First off this week was from our review of the retirement interest-only (RIO) mortgage: Why the RIO did not take off – Lenders open up.
Paul Fielding added to the discussion. He said: “It’s not a surprising conclusion. As later life advisers, we strive constantly to ensure that we include RIOs as part of our advice process as an alternative to traditional equity release-based solutions.
“I write business for both but as the article makes abundantly clear, it’s pointless having a possible solution if the criteria governing that solution makes it unreachable for the great many.
“In addition, lenders are afraid of incurring the wrath of the Financial Conduct Authority (FCA) and no one lender wants to take the risk of falling foul of the rules as they stand.”
He added: “Imagine a building society, especially one of greater size – the bigger they are, the harder they fall – being publicly hauled over the coals by the regulator. And imagine what front page reading that would make when the size of fine is revealed.
“Unless the FCA gets together with our side of the industry with a clear and unequivocal will to make this work, while paying somewhat more than lip service to this monumental issue, then what will change?
“Nothing I fear, and no, I don’t mean a free for all with no controls. Just a very much more joined up way of approaching and sorting the problem. It’s down to mindset, surely?”
A smaller market presence
Arron Bardoe also weighed in. He added: “An additional challenge with retirement interest-only (RIO) mortgages is that it is mostly offered by small building societies, who in turn have a smaller business development manager (BDM) presence in the market.
“These lenders need to ensure their websites provide a comprehensive overview of their RIO criteria, for example collating all the FAQs, reasons they say yes or no to brokers as well as clear affordability calculators.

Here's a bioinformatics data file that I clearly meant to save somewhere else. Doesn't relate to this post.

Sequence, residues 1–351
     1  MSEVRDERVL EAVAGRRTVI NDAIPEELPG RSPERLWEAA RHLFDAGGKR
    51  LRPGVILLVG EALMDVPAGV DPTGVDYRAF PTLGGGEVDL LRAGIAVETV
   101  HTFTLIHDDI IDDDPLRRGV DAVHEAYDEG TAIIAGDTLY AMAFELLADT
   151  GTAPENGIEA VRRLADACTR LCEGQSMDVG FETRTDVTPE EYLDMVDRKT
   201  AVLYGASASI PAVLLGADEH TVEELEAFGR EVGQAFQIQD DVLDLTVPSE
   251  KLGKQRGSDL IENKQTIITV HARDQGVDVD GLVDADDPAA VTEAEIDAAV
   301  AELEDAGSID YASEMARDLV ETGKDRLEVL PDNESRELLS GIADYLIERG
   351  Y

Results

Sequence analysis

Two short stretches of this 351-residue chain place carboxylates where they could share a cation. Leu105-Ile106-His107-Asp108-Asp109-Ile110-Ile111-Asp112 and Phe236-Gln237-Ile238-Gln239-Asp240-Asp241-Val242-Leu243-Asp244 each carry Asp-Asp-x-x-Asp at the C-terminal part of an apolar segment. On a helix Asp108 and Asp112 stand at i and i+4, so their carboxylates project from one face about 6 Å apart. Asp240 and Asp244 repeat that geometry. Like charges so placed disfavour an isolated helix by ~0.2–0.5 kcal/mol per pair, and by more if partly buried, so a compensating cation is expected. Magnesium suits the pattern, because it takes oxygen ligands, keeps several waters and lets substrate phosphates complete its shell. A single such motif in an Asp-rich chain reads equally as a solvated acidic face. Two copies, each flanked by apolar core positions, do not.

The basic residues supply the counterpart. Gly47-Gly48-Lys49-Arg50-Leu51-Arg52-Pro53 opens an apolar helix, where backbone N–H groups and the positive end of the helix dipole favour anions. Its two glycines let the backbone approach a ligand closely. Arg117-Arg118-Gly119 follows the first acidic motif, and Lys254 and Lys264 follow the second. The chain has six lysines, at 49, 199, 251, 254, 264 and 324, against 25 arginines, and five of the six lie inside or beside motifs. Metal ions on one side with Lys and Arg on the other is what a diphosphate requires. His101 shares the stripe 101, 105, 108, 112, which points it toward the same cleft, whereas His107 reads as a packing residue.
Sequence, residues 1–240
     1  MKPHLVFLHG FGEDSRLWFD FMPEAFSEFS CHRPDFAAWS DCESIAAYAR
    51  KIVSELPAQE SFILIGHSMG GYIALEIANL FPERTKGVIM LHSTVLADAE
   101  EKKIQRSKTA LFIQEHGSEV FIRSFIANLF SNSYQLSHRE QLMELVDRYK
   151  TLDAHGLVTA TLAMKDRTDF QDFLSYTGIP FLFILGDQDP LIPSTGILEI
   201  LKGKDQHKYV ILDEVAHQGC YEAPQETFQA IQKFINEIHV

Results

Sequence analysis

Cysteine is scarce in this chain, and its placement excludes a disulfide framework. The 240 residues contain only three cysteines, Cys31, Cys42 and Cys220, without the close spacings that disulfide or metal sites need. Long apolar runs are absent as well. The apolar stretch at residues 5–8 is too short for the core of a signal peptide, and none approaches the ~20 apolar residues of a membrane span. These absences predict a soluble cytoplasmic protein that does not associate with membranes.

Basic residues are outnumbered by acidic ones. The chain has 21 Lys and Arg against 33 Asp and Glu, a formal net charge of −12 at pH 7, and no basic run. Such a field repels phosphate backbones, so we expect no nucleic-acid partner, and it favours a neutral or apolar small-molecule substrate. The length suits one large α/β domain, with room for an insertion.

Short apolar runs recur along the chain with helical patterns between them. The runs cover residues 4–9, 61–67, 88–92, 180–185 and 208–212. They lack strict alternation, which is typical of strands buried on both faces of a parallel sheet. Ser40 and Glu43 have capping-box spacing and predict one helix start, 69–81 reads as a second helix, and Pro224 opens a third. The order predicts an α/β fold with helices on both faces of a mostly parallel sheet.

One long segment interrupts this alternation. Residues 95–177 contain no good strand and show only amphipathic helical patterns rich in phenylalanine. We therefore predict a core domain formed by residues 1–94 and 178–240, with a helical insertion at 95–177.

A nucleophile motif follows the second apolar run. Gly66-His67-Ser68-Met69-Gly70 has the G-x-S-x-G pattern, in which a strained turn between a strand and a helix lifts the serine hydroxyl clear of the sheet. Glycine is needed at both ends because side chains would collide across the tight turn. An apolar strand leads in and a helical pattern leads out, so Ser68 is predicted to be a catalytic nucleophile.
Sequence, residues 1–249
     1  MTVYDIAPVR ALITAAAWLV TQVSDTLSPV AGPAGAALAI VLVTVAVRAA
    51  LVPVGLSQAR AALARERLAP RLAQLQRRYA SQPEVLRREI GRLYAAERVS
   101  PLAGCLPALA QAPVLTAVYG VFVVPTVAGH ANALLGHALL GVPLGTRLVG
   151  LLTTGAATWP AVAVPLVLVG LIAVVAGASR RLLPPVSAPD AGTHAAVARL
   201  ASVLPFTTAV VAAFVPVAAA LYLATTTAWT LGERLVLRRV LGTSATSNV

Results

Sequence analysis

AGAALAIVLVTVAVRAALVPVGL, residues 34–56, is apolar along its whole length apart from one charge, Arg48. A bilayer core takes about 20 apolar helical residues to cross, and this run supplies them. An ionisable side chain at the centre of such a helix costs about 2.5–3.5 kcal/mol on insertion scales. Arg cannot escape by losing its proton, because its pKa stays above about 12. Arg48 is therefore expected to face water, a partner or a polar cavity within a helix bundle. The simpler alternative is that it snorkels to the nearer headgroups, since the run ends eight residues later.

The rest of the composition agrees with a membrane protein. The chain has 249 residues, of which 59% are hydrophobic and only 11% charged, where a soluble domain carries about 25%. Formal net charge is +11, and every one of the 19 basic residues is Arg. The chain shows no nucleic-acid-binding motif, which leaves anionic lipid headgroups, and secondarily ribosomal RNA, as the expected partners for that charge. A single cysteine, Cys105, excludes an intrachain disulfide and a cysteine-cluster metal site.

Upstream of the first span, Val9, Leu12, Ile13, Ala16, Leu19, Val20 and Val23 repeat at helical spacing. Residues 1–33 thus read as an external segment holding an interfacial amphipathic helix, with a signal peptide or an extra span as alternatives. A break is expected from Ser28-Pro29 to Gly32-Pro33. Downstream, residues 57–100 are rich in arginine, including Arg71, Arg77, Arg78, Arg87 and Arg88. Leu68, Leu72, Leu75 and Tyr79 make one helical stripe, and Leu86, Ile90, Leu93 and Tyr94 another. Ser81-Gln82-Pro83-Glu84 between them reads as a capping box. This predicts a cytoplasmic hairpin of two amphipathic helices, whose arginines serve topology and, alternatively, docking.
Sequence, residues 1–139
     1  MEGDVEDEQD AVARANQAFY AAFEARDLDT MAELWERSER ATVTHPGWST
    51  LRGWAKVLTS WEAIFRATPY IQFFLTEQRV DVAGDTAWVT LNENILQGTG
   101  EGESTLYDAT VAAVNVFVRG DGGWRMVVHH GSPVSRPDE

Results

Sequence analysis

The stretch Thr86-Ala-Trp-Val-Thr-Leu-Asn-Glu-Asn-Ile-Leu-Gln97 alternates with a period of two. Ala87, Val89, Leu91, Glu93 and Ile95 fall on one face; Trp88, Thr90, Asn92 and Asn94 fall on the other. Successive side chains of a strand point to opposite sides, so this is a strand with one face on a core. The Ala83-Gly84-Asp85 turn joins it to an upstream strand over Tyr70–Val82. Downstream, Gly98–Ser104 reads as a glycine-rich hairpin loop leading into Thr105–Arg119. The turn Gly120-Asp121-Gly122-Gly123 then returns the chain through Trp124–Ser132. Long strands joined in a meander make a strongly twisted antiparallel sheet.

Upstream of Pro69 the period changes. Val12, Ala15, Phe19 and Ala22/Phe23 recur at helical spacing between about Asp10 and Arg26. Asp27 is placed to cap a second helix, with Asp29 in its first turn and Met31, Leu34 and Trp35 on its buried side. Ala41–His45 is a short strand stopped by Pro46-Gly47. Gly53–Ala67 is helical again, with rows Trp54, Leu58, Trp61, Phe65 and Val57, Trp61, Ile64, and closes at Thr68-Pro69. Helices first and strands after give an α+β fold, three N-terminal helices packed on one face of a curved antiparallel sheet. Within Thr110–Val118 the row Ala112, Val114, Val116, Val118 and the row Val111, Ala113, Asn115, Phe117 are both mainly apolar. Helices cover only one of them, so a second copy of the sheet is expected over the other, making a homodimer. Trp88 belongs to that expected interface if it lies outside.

“Many contain vague terms such as ‘underwriters can consider/have discretion’. Some lenders will consider five per cent of investments and drawdown pensions as income, but this is not made clear on their online calculator.
He added: “Thereon, there is the opportunity of mortgage events such as expos to promote awareness. Indeed, perhaps the best solution is for RIO lenders to work together to run an event?”
Nil value frustration
Another story which gained a response was: Surveyor gives ‘nil valuation’ on house with neighbouring overgrown garden.
George Peach said: “The nil value return is a frustration however; it might be that there are factors that affect the potential resale of a property. I have had two cases in the last month where the surveyor returned a nil value due to resaleability even though I protested and provided like-for-like sales in the local areas.
“If a value was returned then the lender could insist on a lower loan to value (LTV), but one of mine was a 45 per cent LTV and the other 65 per cent. The resaleability issue I would understand if we were at 90 or 95 per cent, but when the LTV is so low lenders need to take a look at their criteria for surveyors as it is something that is out of the hands of brokers.
“We can do all the research, criteria check and discuss cases with lenders to ensure every item of the case is covered, but ‘down to valuers comments’ always seems to be one area that we have to apply and hope.”
Do the crime, do the time
The news of the regulator admitting to publishing consumer details also got a reaction, in the article: FCA admits data breach.
Paul Fielding commented again, as he said: “Ah, but will the carpet be big enough to sweep this under it? As advisers even if we removed the offending data from view, we would be deemed as having committed the crime, so punishment shall ensue.
“It’s a bit like stealing someone’s money, then paying it back when you get caught out to make things right as if it didn’t happen in the first place.”